Boxers have long-lamented that “the legs are the first things to go.” While that may be true in relation to the quick reflexes boxers need in the ring, the rest of us mere mortals would do well to incorporate some basic exercises that maintain muscle mass in our legs and keep a little bit of spring in our step.
Now go figure. Little did I know that these basic jumping/hopping movements actually had a NAME. I just discovered that what I’d learned years ago thanks to an old coach of mine is now referred to as PLYOMETRICS. Fine. You call it plyometrics, I call it hopping and jumping. No matter how educated you want to sound, it means nothing if you aren’t doing something to improve your health.
These exercises involve three phases. The first phase is the “pre-stretch.” You don’t want to pull a muscle while you’re trying to build your muscles.
The second phase is the time between the end of the pre-stretch and the start of the concentric muscle action. According to plyometrics, this brief transition period from stretching to contracting is known as the amortization phase. I call itÃ¢Â?Â¦.”rest.” I know, it doesn’t sound nearly as technical, but the shorter this phase is, the more powerful the subsequent muscle contraction will be.
The third and final phase is the actual muscle contraction – better know as the exercise itself. In practice, this is the movement the athlete desires – the powerful jump.
This sequence of three phases is called the stretch-shortening cycle. In fact, plyometrics could also be called stretch-shortening cycle exercises. I call it something easier: the workout.
Now why is it that if I describe these exercises as ‘hopping and jumping” a lot of men and women will simply NOT be interested. Yet, the minute I call them ‘plyomterics’ and charge you money, all of a sudden the interest/participation level skyrockets? I’ve seen it happen and I have yet to figure it out.
But wait! You say you’re not much of athlete? Do you really think that matters? Leg strength is important no matter what you do. Whether you’re just standing up from your desk or walking up a flight of stairs, our legs – say sport physiologists – are the frame that carry our body’s weight and affect the heart and lungs, not to mention the muscles that support our lower and upper back.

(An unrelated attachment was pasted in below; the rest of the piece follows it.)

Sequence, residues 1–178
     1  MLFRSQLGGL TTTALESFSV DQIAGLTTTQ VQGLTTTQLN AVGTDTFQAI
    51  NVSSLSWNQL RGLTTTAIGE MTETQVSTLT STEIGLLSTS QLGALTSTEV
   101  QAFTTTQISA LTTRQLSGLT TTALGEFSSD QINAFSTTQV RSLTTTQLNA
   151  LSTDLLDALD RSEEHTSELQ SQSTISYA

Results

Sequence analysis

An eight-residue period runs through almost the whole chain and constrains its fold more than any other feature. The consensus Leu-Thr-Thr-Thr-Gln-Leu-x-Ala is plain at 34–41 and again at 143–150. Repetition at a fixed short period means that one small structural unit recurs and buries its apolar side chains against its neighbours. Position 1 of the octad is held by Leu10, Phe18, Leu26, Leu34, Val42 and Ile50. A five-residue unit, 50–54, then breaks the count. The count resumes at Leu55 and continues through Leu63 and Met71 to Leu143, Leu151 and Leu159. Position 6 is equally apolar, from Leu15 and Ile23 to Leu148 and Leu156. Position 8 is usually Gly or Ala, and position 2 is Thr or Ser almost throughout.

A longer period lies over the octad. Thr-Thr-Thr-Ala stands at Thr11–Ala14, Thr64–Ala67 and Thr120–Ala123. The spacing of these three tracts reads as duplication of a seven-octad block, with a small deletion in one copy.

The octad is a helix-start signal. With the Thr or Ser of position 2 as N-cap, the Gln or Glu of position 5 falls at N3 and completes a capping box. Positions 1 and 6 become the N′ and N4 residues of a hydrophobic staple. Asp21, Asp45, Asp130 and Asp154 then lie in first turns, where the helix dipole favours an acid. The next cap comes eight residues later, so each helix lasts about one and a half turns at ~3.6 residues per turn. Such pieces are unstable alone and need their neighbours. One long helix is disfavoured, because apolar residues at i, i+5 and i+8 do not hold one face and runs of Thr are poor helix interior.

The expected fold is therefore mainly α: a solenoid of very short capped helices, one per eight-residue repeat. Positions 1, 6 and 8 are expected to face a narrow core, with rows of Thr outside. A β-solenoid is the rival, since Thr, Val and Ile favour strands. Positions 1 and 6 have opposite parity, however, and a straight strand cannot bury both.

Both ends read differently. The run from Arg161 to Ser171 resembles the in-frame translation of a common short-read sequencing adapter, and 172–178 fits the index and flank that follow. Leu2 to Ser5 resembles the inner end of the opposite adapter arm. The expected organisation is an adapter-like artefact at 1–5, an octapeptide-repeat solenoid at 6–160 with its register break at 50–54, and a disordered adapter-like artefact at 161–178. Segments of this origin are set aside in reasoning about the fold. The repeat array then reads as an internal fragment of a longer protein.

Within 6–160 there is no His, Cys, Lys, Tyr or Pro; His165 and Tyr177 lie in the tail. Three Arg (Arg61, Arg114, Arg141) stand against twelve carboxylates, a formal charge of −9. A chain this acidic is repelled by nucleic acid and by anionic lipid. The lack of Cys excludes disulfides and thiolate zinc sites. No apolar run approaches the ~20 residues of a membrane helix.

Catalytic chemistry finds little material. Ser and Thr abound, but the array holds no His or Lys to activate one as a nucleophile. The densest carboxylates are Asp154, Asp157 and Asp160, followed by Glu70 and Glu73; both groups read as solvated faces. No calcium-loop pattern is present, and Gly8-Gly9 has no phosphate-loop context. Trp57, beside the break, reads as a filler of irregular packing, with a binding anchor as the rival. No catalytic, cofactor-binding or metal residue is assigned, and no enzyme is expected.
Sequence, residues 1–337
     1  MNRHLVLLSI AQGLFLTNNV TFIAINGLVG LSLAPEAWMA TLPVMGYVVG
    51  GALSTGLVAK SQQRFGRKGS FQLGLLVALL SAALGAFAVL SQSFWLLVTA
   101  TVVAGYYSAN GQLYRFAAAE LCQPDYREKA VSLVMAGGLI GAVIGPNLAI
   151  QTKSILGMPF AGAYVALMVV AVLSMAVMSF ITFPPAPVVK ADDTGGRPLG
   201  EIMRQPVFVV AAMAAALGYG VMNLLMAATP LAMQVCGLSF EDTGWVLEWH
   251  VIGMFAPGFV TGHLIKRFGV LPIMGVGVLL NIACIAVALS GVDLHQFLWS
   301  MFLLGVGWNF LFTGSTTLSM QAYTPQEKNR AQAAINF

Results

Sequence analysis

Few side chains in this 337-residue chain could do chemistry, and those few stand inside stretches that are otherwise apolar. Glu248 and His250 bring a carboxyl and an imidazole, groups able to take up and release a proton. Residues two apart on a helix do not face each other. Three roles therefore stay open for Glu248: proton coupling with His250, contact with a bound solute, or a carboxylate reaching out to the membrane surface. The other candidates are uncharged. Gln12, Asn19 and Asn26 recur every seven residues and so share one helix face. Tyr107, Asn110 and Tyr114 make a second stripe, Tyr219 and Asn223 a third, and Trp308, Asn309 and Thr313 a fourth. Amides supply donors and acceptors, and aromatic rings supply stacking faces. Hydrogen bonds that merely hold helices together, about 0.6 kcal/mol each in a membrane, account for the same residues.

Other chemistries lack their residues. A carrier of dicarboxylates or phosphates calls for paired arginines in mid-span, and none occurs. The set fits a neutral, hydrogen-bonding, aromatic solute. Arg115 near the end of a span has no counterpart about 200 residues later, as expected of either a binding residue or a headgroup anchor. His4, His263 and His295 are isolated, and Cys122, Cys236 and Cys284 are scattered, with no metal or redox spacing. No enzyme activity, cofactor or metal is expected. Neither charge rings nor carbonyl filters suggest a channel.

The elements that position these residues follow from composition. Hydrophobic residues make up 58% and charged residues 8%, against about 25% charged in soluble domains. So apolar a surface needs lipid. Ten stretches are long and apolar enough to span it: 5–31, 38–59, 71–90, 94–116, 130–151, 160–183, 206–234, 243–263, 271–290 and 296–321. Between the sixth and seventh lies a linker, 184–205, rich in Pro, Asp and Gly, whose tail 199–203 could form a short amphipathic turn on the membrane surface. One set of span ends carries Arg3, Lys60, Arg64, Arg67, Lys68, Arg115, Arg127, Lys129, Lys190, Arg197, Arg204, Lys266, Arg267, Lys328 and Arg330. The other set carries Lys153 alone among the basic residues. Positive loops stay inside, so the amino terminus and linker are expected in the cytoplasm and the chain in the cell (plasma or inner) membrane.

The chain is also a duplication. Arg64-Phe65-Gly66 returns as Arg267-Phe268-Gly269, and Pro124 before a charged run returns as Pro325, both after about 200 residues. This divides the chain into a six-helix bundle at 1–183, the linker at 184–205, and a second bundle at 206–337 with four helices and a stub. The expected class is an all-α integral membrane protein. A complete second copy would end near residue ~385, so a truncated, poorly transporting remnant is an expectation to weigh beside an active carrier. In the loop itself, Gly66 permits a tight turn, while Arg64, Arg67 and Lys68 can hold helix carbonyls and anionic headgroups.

Running may keep us flexible, but even running all year long doesn’t necessarily build leg strength and quick reflexes.
Time for some personal testimony: I’ve seen great improvements in my leaping abilities while doing these exercises. Fine, you want to call them “plyometrics” – Plyometrics are just jumping exercises! Try this basic workout once or twice per week and I promise you’ll be bouncing out of your chair like nobody’s business:
Ready to begin? Let’s get started:
1) The “hop”. If it were any simpler, it would beÃ¢Â?Â¦wellÃ¢Â?Â¦too simple. You want to hop like a frog. Flex the knees, bring the arms back. Swing the arms forward to gain momentum and HOP. If you have the space, you can hop from point-A to point-B. You want to hop at least 10 times. Don’t worry about speed. This isn’t a race. You want to go for height and distance. Take about a 40 second rest in-between and then do another set of hops. Aim for four sets.
2) Basic Step. Get a box – at least 12 inches in height. You want to alternate stepping on the box. Again, you’re not aiming for speed. You’re also not stepping ‘up.” You’re alternating your steps “on” the box. Go for 1 minute with a minute rest. Aim for four sets.
3) Hopping Up and Down. Take the same box you were stepping on. Stand in front of the box. Legs together. Now hop up on top of the box. Then hop down. Turn around. Hop back up and then hop down. Again – one minute with a minute rest for four sets.
4) Hopping up stairs. Go outside to your front stairs (assuming you have them) or use the stairs that lead from your fist to send floor. Place your hands behind your head, legs together and hop up the stairs. You want to hop up at least five stairs. Walk back down. Start again. Five repetitions. As you get better, increase the number of stairs.
Do this for two weeks, and take a one week break, then repeat. Increase your sets from four to eight. That’s really all it takes.
The exercises I just mapped out deal with the following factors, which greatly affect their impact on your leg strength:
– Volume (how many repetitions)
– Intensity (how high you try to jump or hop vs. amount of rest in-between)
– Quality (are you tasking your time/ don’t rush and work on form)
This in turn leads to:
– Strength level
– Speed level
– Muscular elasticity level
You don’t need to be a rocket scientist to increase your leg strength and build a little muscle in the process. You can do this workout in about a half an hour. Your time may vary depending on the number of repetitions.
Stick with it. And you’ll be surprised at the results.